The outpouring of popular support for Petro in Bogota, across Colombia, and around the globe was barely mentioned in Neuman's article. Since the NYT has remained mum on Petro's nightly discourses on non-violent resistance to the crowds that pack the Plaza Bolivar, Times readers would be unaware of this new twist unless they turned to alternative media. Likewise, they would be unaware that the Inspector General (repsresentative of Colombia's increasingly marginalized hard right) was taking aim not only at Petro and democracy in Bogotá when he issued his decree, but at the fragile peace process now under way in Cuba between the national government and the FARC rebels. For why would the FARC leadership hang up their arms and join the electoral process, if Petro, a former M-19 resistance figther who has made that same transistion, quite sucessfully, governs at the whim of an appointed bureaucrat with neo-Nazi sympathies and book burning procilivities?
What is at stake in Bogota is not merely political intrigue. What is at stake is peace. Colombians, war weary, cynical, and resilient, have lived through five decades of war during which the overwhelming majority of human rights abuses have been perpetrated by the U.S. trained and equiped Armed Forces or right-wing militias with ties to more than a third of the National Assemblymembers. Now, at the very moment when Colombians have begun the essential work of building their own peace and realizing their historical memory, the hard right led by ex-President Uribe is attempting to sabotage the process. But what is increasingly clear in the images of Colombians streaming out of the Plaza Bolivar-- long-haired or suited; waving banners of political parties, regional soccer clubs, and folk art; of all the hues of Colombia's racial milieu; youth and elders; and the Indigenous Guard which has filtered into the capital from all corners of the country to protect democracy alongside the Municipal Police-- is that Colombians refuse to be resubmerged in a politics of fear and will realize democracy in the streets if it is denied them at the ballot box.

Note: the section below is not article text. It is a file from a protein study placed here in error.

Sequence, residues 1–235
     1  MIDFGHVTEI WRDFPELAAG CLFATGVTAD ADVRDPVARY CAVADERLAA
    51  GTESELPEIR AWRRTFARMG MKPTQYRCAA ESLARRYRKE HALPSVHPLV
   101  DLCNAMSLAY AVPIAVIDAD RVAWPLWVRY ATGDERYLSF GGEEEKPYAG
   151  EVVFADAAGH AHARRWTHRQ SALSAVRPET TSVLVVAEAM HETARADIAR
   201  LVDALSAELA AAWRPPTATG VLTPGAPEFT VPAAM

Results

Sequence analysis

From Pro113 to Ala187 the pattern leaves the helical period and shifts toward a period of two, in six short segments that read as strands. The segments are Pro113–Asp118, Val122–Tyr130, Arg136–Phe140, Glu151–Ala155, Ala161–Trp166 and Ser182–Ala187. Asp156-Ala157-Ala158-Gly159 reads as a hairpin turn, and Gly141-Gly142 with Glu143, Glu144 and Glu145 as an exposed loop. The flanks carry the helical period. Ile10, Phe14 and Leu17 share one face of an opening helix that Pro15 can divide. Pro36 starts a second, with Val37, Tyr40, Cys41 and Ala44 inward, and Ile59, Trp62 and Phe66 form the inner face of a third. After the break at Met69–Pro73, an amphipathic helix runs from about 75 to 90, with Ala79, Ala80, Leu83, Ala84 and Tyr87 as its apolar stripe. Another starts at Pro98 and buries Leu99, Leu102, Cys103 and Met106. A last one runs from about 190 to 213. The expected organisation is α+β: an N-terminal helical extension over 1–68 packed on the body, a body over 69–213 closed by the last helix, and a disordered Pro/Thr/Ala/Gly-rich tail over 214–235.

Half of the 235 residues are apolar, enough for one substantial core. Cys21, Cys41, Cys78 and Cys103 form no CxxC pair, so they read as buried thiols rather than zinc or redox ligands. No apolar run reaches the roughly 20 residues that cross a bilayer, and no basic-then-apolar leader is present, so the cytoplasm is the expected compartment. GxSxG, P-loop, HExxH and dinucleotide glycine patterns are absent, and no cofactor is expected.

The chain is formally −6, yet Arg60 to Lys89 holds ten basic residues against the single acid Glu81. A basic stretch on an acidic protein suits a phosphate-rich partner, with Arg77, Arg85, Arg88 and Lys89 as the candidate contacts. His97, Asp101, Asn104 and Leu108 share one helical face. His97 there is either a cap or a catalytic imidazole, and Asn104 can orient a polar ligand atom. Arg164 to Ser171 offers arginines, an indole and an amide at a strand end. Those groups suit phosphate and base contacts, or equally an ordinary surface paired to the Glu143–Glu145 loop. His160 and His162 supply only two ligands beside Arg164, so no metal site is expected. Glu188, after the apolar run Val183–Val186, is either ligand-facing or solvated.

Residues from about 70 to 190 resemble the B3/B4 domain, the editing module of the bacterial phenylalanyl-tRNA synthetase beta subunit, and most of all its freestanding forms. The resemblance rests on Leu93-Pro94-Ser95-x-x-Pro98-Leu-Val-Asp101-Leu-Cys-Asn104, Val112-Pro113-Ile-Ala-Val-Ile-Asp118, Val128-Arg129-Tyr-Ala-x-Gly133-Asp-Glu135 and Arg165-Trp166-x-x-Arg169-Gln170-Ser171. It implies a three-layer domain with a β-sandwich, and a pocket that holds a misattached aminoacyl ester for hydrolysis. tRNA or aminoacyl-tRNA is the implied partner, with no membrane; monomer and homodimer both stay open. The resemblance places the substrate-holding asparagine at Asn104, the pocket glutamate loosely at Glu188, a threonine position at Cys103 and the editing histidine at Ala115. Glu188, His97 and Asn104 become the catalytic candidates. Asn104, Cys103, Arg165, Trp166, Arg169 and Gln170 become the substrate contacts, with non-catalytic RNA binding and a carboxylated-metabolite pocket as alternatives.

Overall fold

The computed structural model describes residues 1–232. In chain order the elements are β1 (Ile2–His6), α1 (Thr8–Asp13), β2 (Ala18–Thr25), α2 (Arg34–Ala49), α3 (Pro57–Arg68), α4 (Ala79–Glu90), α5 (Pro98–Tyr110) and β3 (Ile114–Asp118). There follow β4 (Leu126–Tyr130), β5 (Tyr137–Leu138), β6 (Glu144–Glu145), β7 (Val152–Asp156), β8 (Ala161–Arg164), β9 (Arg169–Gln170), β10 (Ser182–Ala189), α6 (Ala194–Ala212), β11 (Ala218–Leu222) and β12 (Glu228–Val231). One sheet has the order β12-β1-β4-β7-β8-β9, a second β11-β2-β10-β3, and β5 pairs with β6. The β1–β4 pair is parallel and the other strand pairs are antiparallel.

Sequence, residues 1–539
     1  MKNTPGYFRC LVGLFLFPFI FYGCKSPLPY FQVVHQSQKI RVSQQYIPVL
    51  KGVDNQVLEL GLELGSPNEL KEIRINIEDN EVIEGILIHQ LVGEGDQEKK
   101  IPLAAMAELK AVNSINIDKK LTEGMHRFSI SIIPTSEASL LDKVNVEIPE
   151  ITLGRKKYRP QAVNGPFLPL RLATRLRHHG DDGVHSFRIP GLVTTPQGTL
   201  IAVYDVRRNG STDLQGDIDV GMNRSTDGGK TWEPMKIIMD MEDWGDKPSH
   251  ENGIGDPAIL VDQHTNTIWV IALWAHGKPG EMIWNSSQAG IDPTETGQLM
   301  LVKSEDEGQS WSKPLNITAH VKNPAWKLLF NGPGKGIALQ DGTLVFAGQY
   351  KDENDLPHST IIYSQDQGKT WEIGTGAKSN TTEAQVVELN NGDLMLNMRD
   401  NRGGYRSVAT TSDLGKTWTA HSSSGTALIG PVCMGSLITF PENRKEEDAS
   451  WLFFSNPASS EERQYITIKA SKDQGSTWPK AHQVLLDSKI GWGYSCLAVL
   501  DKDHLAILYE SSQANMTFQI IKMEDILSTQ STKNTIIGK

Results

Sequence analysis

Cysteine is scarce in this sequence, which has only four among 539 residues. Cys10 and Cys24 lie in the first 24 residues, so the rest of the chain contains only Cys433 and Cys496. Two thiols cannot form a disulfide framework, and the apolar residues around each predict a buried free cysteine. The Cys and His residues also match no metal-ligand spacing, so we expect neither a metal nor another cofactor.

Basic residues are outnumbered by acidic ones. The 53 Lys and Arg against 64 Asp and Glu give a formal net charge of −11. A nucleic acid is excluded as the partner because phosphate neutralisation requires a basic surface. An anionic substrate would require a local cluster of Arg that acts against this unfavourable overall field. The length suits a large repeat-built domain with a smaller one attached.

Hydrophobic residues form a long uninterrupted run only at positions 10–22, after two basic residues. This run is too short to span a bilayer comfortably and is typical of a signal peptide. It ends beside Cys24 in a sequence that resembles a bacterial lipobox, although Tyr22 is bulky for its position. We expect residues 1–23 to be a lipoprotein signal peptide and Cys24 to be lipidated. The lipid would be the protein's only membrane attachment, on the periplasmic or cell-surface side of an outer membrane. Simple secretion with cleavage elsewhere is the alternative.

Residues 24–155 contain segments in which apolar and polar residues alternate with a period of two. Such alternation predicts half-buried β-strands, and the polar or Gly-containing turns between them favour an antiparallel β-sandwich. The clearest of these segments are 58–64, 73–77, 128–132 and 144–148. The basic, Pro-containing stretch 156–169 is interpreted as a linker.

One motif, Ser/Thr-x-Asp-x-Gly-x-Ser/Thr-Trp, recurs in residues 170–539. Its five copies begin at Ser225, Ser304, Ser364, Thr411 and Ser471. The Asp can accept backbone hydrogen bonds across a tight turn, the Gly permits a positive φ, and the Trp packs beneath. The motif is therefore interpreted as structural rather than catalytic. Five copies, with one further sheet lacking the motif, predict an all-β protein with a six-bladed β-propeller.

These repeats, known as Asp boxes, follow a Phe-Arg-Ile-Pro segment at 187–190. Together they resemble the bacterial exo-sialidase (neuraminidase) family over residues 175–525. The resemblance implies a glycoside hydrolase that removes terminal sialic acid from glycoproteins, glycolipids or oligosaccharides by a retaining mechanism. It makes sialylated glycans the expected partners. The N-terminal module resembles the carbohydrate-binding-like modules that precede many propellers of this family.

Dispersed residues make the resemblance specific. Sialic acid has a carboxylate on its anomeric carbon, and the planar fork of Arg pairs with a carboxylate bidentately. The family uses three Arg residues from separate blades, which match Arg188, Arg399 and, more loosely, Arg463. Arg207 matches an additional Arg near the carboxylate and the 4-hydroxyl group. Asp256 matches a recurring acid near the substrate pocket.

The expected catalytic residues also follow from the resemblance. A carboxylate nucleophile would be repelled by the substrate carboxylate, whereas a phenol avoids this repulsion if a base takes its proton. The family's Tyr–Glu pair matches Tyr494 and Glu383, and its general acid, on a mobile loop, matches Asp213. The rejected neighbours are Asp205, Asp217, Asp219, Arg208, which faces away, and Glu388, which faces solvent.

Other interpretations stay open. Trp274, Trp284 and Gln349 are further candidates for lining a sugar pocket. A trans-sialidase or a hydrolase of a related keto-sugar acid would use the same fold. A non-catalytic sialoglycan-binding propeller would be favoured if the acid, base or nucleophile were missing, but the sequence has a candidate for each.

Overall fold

On December 13th, Mayor Petro addressed one of the largest mobilizations in Colombian history. Reading from the National Constitution, he made it plain that only the President of the Republic, Juan Carlos Santos, not the Inspector General, may remove an alcalde mayor from office, and then only with judicial censure. As Santos, responsible for the slaughter of civilians know as "falso positivos" during his stint as Defense Minister, tries to move out of his predecessor's shadow and toward the political center, Petro has laid the future of Colombian democracy and any hope for peace with justice at his feet. As Colombians vote nightly with their feet, it is clear that the nation's future will be decided as much in the Plaza Bolivar as in the Presidential Palace. How Santos reacts remains to be seen, but if Bogotanos have suceeded in building a democratic peace under extreme duress, their brightest days must surely be ahead of them.
¡No pasará! This will not pass, repeated the demonstrators in the Plaza Bolivar on Friday night. More than two thousand miles away in Washington, DC, a small group took up the chant outside the Colombian Embassy, capping a week of solidarity actions with a cacerolazo, the banging pots and pans. "Petro no se va", they yelled, "Petro will not leave", outside the Ambassador's Residence. The Ambassador promptly walked away from the window and shut off the lights. Whether the Ambassador's boss, President Santos, will throw the switch on democracy and peace is an open question, but he will not do so in the dark. The whole world is watching.
Petro, amigo, el pueblo está contigo. Petro, friend, the people are with you.